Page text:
The world’s view of love is actually the opposite of love. The world tends to say that love is a feeling. I love whatever makes me feel good, whatever gives me pleasure. This is the opposite of love which is not about getting but giving.  In his encyclical God is Love Pope Benedict said that our definition for love must begin at the pierced side of Jesus, that opening to a heart that showed the world the deepest and truest love ever known.  True love is total. Ultimately it involves sacrifice.

Have you ever heard of Tom Burnett? He was on United Flight 93 which crashed into a field in Shanksville, PA on September 11, 2001.  In college he had stopped going to church and went searching for God. In time he returned. He worked for a medical technology firm in California and was close enough to home that he would have lunch there. According to his wife Deena, in 1997 he stopped coming home for lunch. Deena thought that Tom, who was accustomed to working 70 hours a week, was simply spending his lunch hour putting in more time at work. Six months before his death, he revealed to her that he was going to the 12:10 Mass at St. Elizabeth Ann Seton church.  In an interview, Deena said: “He told me that he felt God was telling him he was going to do something. Something big. But he didn’t understand what it was.”  He figured that if he went to Mass, God’s will for him would become clear.  Deena went on: “He knew that what he was going to do would impact a lot of people. And he knew one other thing: it had something to do with the White House.”

Imagine Tom Burnett, an ordinary guy. He has no desire to go into politics, much less aspire to be president.  Yet he has this sense that God is calling him to something big and it somehow involves the White House. You can hear him thinking, “What does my life have to do with the White House?”

On September 11, 2001, thousands of feet above the earth, Tom Burnett knew what his life had to do with the White House. He and the others on that plane knew where it was headed. They knew they had to do something, even if it meant sacrificing their lives to prevent a greater tragedy from happening.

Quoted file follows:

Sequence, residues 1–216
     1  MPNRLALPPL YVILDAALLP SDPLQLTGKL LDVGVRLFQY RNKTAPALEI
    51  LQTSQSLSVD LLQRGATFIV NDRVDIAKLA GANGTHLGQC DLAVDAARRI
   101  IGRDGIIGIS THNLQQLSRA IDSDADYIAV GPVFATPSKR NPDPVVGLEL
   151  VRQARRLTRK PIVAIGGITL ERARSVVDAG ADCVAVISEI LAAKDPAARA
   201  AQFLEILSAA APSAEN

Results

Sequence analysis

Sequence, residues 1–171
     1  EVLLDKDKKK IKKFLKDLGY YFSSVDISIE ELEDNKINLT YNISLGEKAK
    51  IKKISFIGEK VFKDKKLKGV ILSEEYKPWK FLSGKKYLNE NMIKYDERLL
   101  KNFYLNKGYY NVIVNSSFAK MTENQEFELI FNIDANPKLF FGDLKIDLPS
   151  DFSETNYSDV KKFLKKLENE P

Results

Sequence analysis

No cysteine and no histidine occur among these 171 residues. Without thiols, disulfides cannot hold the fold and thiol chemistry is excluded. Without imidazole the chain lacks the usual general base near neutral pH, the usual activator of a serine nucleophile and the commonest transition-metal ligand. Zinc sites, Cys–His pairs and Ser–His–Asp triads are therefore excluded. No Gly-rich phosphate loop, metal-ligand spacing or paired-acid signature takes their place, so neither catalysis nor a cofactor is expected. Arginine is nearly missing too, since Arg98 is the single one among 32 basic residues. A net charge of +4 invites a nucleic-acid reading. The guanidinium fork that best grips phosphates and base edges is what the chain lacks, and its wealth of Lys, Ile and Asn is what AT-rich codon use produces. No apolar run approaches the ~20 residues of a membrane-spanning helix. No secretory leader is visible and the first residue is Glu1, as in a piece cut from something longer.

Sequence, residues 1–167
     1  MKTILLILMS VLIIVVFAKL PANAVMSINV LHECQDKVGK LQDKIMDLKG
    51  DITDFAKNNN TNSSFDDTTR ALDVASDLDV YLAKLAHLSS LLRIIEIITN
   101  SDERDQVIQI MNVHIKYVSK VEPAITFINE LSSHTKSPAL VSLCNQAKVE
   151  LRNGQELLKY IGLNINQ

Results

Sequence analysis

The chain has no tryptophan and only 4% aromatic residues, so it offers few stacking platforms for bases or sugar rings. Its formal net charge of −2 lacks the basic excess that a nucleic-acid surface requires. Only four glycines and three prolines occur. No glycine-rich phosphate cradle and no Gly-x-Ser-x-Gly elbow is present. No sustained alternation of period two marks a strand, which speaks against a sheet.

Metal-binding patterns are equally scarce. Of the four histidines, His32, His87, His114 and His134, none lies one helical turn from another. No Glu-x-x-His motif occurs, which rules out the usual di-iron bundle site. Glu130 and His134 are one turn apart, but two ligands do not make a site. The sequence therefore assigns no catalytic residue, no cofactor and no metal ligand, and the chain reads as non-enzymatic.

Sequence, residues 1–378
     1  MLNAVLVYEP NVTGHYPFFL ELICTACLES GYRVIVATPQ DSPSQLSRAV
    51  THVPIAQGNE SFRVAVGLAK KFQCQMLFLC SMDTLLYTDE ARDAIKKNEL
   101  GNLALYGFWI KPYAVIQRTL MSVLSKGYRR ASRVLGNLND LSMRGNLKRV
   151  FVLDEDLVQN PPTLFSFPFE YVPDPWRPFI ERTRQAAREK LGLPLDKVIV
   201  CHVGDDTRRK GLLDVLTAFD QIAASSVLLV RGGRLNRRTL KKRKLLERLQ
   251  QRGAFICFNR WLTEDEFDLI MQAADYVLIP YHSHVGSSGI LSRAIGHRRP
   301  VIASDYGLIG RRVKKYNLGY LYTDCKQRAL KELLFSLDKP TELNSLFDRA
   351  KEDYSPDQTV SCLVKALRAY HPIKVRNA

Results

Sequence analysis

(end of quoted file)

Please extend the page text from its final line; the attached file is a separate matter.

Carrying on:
Where did Tom get the understanding and courage to do what he did? The Eucharist. There he heard the Word that guided him through life. There he received the Body and Blood of Christ that transformed him into someone who could love God and his neighbor with a total, self-sacrificing love. 

What Tom and the others did was heroic. We may think, “That’s not me. I’m not a hero.” But each of us, in his or her own way, is called to heroic love. It may be parents sacrificing themselves for the good of their children. It may be a spouse dealing with the unemployment and depression of the other. It may be children trying to care for a parent with Alzheimer’s.  Each of us in one way or another is called to love sacrificially. The power to do so comes from the Holy Sacrifice of the Mass where Jesus makes present his life-giving death and resurrection, where he proves once again how loveable each of us is.  

Friday, October 24, 2014

The Greatest Commandment


St. Anthony Mary Claret was a Spaniard who was ordained in 1835. He tried to join the Carthusian
order but was rejected because of poor health. He then entered the Jesuit novitiate but had to leave when his health broke down again.  While these doors closed, God opened another.  He recovered his health sufficiently to become a missionary and the Archbishop of Cuba.  In time he was called back to the royal court of Spain to be the spiritual director for Queen Isabella II. Regarding this apostolate he wrote: “Living at court and being constantly in the palace is a continuous martyrdom for me.  Every day at prayer I have to make acts of resignation to God’s will.  Day and night and always I have to offer up the sacrifice of staying in Madrid.”